Medal of Honor Single Participant Graphics & CPU Efficiency

It's hard to believe that three years have passed since Medal of Honor: Airborne was released for the PC, and even harder to accept that the original MoH: Allied Assault debuted back in 2002. I'm sure fans of the show have been waiting a long time for this moment, but personally, despite the number of entries in the MoH franchise over the years, Airborne was admittedly the first one I played extensively. Don't get me wrong, it's not that previous games on the series were bad, they just couldn't impress me with what I could see on the surface and as a result, I quickly passed over them.

That wasn't the case with MoH: Airborne, which I only used for benchmarking purposes, but then I found it difficult to withdraw from the game. I can't remember the last time I was motivated enough to play a single player campaign from start to finish. When I heard about the 2010 version of Medal of Honor, I immediately looked into pre-ordering the game.

This latest edition was developed by EAs Danger Close and DICE and is simply called the "Medal of Honor". The MoH is set to restart in both single and multiplayer modes during the ongoing war in Afghanistan. In this article, we will focus on single player performance. Medal of Honor is unique in that it uses two different graphics engines for single player and multiplayer modes. All of the performance tests we do show that you are only playing the output in single player mode.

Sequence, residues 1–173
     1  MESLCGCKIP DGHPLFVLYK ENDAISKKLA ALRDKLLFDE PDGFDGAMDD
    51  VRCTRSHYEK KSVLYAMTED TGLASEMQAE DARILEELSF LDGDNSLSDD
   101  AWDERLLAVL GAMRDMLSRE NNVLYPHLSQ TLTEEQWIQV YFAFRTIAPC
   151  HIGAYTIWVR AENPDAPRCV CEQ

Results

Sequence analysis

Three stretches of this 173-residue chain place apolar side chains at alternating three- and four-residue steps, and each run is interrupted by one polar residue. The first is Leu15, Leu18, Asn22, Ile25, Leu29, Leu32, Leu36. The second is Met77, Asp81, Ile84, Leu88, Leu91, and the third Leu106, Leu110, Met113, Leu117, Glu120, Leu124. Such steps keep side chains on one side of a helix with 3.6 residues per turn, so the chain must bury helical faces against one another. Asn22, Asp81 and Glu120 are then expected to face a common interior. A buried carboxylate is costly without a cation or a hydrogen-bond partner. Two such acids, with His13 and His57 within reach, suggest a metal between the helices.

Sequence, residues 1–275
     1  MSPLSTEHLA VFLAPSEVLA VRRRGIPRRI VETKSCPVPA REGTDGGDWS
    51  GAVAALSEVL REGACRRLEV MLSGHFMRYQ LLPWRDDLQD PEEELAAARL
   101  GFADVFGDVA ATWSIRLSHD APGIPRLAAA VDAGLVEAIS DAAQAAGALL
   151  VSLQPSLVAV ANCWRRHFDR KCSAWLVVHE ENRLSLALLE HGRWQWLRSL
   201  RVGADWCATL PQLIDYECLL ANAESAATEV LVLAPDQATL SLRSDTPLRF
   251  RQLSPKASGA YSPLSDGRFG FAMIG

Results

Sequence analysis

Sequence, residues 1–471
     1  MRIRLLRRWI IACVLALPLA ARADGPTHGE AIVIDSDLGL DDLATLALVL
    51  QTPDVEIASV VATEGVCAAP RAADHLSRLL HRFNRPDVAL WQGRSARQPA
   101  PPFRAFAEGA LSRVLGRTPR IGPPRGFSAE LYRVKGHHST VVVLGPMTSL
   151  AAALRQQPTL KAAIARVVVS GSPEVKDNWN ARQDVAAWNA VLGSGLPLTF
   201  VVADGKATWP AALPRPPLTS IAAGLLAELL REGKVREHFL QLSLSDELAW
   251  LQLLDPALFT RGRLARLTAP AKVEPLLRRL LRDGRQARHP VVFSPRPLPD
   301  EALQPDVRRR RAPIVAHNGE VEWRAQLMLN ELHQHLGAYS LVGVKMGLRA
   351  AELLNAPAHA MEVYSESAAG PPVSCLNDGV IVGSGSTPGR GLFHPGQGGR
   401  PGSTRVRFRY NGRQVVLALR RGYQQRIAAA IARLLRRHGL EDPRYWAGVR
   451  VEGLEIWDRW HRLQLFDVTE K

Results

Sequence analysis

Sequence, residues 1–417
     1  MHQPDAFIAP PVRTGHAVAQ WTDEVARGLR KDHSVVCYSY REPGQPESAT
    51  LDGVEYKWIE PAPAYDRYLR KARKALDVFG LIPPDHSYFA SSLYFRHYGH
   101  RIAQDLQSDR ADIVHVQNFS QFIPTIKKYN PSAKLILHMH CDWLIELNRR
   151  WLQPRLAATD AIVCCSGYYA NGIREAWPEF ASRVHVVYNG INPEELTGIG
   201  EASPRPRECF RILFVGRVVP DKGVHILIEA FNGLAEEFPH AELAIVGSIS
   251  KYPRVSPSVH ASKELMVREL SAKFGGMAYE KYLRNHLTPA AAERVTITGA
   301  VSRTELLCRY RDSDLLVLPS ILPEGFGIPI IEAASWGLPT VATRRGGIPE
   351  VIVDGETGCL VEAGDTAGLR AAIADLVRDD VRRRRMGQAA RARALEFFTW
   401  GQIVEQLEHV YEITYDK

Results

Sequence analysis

Single players use a heavily modified Unreal Engine 3, while the multiplayer segment was created with DICE's Frostbite. Frostbite was also used in Battlefield: Bad Company 2, which we looked at earlier this year, and we suspect the hardware requirements will be very similar. However, Unreal Engine 3 is much older and probably not as sophisticated. Hence, it will be interesting to see how Medal of Honor performs.

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